Tree Meditations

The tree which moves some to tears of joy is in the eyes of others only a green thing that stands in the way. Some see Nature all ridicule and deformity, and some scarce see Nature at all. But to the eyes of the man of imagination, Nature is Imagination itself.
--William Blake, 1799, The Letters

Like many people, I've always come into my deepest states of meditation and peace while alone in nature. In a forest, the soaring branches, many shades of green, whispering of the wind through leaves, fragrance of evergreens, and the perfume of crushed pine needles blend to create a harmonious and soothing atmosphere.

Sometimes I give my attention to a particular tree. Several trees on my land provide focal points for a shift in energy, whether I sit beneath them or look at them from the window.

In sensing the energy of trees, I follow the ancient Celtic tradition. The Celts believed that any place where the three elements, earth, air, and water came together contained great power. Because trees are rooted in the earth, touch the sky, and conduct water, they were believed to channel this power. A grove of trees was an ideal location for rituals, casting spells, practicing intuitive arts, or meditating.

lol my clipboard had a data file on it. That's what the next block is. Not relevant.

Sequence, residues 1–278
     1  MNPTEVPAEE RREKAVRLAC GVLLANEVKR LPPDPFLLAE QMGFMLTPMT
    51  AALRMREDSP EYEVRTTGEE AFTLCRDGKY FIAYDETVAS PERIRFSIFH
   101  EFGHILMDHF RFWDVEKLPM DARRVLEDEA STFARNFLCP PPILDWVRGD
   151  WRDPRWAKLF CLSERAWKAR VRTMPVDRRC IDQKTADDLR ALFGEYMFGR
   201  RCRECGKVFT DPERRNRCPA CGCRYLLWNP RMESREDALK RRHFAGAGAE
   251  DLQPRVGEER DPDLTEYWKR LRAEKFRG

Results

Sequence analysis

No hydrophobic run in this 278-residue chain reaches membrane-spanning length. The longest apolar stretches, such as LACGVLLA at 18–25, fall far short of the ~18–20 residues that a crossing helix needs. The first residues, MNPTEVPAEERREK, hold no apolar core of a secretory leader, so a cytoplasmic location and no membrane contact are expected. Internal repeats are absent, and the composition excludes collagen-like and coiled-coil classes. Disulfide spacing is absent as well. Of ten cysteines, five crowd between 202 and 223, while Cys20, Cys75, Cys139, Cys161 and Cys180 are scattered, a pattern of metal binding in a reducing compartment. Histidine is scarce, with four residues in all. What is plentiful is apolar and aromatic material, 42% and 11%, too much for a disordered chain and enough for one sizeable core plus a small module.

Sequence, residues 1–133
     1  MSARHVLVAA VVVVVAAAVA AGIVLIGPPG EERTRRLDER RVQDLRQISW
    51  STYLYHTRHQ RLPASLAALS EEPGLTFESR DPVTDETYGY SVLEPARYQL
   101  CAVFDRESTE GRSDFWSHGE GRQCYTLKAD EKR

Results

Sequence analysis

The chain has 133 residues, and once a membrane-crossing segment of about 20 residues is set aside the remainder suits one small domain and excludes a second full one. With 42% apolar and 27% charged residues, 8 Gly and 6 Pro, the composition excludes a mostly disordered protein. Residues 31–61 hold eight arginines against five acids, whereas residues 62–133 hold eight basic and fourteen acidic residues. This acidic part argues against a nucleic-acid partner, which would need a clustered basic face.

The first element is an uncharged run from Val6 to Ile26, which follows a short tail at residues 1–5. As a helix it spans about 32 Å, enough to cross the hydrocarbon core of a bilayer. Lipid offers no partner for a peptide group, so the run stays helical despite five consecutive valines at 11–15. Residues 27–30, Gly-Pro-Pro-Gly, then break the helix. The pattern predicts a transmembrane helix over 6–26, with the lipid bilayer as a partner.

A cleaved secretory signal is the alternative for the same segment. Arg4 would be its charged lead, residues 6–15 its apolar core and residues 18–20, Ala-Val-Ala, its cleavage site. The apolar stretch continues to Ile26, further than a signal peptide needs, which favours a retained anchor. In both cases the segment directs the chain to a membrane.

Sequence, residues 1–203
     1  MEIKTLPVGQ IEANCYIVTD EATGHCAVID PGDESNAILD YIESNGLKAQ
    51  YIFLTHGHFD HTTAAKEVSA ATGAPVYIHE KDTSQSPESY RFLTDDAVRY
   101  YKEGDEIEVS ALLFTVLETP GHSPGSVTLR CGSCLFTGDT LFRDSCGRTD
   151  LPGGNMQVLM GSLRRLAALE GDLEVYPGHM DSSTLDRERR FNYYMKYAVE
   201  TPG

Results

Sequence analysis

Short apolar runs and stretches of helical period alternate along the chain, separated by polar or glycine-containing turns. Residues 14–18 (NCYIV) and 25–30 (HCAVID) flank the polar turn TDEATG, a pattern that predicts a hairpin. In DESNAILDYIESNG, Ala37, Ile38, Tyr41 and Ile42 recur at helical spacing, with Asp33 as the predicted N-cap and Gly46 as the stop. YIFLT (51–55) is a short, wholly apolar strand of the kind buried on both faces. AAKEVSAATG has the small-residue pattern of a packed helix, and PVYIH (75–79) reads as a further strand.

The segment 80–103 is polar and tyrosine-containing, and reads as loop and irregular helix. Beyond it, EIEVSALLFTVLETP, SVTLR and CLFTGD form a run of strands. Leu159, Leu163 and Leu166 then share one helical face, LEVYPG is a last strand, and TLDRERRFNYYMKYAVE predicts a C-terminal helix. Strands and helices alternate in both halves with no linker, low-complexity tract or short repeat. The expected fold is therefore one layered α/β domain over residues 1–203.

Why are there trees I never walk under but large and melodious thoughts descend upon me?
--Walt Whitman, Song of the Open Road

My appreciation of trees deepened during the summer of 2005, when I was in a forest in the Scottish Highlands. In this area, close to the Findhorn Community, the veils between worlds were believed to be especially thin.

I sat beneath a tree, realizing that the veil of judgment (which might be either positive or negative) I usually wear when I meet new people had been missing ever since I'd gotten to Findhorn. I'd met dozens of people and I'd welcomed them into my awareness on a deeper level.

While I contemplated this, I felt the presence of two departed dear friends, one a man, one a cat. My human friend, who'd never had a relationship with a cat and tended to ignore them, fell in love with my eight-week-old kitten, Binx, without reservation or judgment, He transcended a barrier that he'd never before even questioned.

Feeling great love and gratitude for both of them, I got up from beneath the tree and felt the desire to thank it, too. When I looked at its leaves, I saw it was a beech. In the Bach Flower Remedy system, Beech is for release of judgment.

Choose Your Tree

I frequently tramped eight or ten miles through the deepest snow to keep an appointment with a beech-tree, or a yellow birch, or an old acquaintance among the pines.
--Henry David Thoreau

One of my special friends is a juniper several feet from the house. It's the year-round home of cardinals, chickadees, finches, and other birds. Because it's so close to my window feeder, many birds fly between the tree and the feeder. Squirrels gather below the feeder and below the tree to catch fallen sunflower seeds.

One of the most beautiful creations of the juniper tree is its sky blue berries. Robins eat them, as do deer in winter. The deer also eat the juniper needles. Many times on a winter afternoon, I've seen them balancing gracefully on their hind legs to reach the branches.